Extreme weather and climate events with ecological relevance : a review
MetadataShow full item record
KeywordExtreme events; Climate variability; Climate change; Detection and attribution; Event attribution; Ecological impacts
Robust evidence exists that certain extreme weather and climate events, especially daily temperature and precipitation extremes, have changed in regard to intensity and frequency over recent decades. These changes have been linked to human-induced climate change, while the degree to which climate change impacts an individual extreme climate event (ECE) is more difficult to quantify. Rapid progress in event attribution has recently been made through improved understanding of observed and simulated climate variability, methods for event attribution and advances in numerical modelling. Attribution for extreme temperature events is stronger compared with other event types, notably those related to the hydrological cycle. Recent advances in the understanding of ECEs, both in observations and their representation in state-of-the-art climate models, open new opportunities for assessing their effect on human and natural systems. Improved spatial resolution in global climate models and advances in statistical and dynamical downscaling now provide climatic information at appropriate spatial and temporal scales. Together with the continued development of Earth System Models that simulate biogeochemical cycles and interactions with the biosphere at increasing complexity, these make it possible to develop a mechanistic understanding of how ECEs affect biological processes, ecosystem functioning and adaptation capabilities. Limitations in the observational network, both for physical climate system parameters and even more so for long-term ecological monitoring, have hampered progress in understanding bio-physical interactions across a range of scales. New opportunities for assessing how ECEs modulate ecosystem structure and functioning arise from better scientific understanding of ECEs coupled with technological advances in observing systems and instrumentation.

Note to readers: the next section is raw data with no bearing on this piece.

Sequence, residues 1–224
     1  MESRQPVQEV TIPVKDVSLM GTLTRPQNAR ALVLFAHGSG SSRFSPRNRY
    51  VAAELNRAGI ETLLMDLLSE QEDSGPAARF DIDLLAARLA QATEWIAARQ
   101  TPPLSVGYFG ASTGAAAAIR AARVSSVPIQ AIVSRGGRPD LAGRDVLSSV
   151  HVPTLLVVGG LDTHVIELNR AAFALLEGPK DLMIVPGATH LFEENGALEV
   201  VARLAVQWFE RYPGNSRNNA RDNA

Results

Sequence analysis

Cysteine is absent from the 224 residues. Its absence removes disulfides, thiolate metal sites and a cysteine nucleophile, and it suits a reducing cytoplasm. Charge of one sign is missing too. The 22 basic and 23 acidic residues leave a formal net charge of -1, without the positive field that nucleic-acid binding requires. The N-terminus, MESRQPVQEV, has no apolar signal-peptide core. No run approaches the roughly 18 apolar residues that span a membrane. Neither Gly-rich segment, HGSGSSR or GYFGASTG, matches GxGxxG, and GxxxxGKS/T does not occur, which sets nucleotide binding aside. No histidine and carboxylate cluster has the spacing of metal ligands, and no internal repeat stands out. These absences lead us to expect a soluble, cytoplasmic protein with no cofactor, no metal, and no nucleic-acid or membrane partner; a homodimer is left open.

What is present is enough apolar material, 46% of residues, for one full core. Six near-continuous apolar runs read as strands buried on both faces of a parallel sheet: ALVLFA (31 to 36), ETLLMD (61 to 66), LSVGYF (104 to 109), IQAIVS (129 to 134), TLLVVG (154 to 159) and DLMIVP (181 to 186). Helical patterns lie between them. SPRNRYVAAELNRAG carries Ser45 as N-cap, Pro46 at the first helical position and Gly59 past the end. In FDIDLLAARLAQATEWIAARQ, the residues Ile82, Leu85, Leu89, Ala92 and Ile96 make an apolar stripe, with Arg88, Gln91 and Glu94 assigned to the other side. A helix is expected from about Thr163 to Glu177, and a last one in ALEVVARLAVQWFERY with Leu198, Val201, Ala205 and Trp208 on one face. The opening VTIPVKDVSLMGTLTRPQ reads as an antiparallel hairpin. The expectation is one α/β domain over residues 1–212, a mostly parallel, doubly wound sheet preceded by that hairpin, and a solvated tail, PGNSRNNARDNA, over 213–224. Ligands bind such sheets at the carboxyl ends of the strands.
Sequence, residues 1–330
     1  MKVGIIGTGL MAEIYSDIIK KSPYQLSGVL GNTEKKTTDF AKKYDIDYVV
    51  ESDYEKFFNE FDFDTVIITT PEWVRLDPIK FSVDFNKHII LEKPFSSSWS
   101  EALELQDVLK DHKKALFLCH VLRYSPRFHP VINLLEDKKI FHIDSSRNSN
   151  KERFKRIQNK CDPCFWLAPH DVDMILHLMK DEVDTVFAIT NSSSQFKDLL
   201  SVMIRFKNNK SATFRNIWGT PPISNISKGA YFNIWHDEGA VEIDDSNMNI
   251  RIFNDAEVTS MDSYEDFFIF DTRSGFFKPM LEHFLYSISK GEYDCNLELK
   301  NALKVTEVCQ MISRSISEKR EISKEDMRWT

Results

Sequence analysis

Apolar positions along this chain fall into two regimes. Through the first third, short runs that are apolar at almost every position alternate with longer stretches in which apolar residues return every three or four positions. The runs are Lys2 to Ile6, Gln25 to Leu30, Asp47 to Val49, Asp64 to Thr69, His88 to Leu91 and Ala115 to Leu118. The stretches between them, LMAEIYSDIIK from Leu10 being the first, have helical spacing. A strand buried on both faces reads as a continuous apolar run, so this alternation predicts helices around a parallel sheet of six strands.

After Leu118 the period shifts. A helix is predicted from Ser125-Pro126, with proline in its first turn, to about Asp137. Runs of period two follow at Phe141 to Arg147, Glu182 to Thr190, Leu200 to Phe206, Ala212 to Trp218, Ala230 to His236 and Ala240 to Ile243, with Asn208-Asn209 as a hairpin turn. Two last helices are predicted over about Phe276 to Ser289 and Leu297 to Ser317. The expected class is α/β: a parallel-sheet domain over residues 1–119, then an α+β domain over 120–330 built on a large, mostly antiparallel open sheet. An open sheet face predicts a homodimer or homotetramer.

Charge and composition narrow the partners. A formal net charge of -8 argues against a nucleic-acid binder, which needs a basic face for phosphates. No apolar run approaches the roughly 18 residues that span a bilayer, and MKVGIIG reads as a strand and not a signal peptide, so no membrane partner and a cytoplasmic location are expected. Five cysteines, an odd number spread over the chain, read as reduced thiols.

Author Posting. © The Author(s), 2017. This is the author's version of the work. It is posted here by permission of The Royal Society for personal use, not for redistribution. The definitive version was published in Philosophical Transactions of the Royal Society of London.Series B, Biological Sciences, 372 (2017): 2016.0135, doi: 10.1098/rstb.2016.0135.
The publisher requires that this item be embargoed until 2018-05-08. Please check back after 2018-05-08.
Showing items related by title, author, creator and subject.
Behavioural, ecological and evolutionary responses to extreme climatic events: challenges and directions van de Pol, Martijn; Jenouvrier, Stephanie; Cornelissen, Johannes H. C.; Visser, Marcel E. (2017-02)More extreme climatic events (ECEs) are amongst the most prominent consequences of climate change. Despite a long‐standing recognition of the importance of ECEs by paleo‐ecologists and macro‐evolutionary biologists, ECEs ...
Ummenhofer, Caroline C.; Sen Gupta, Alexander; England, Matthew H.; Taschetto, Andrea S.; Briggs, Peter R.; Raupach, Michael R. (John Wiley & Sons, 2015-11-19)Extreme rainfall conditions in Australia during the 2010/2011 La Niña resulted in devastating floods claiming 35 lives, causing billions of dollars in damages, and far-reaching impacts on global climate, including a ...
Contrasting sensitivity to extreme winter warming events of dominant sub-Arctic heathland bryophyte and lichen species Bjerke, Jarle W.; Bokhorst, Stef; Zielke, Matthias; Callaghan, Terry V.; Bowles, Francis W.; Phoenix, Gareth K. (2010-12)Climate change in northern high latitudes is predicted to be greater in winter rather than summer, yet little is known about the effects of winter climate change on northern ecosystems. Among the unknowns are the effects ...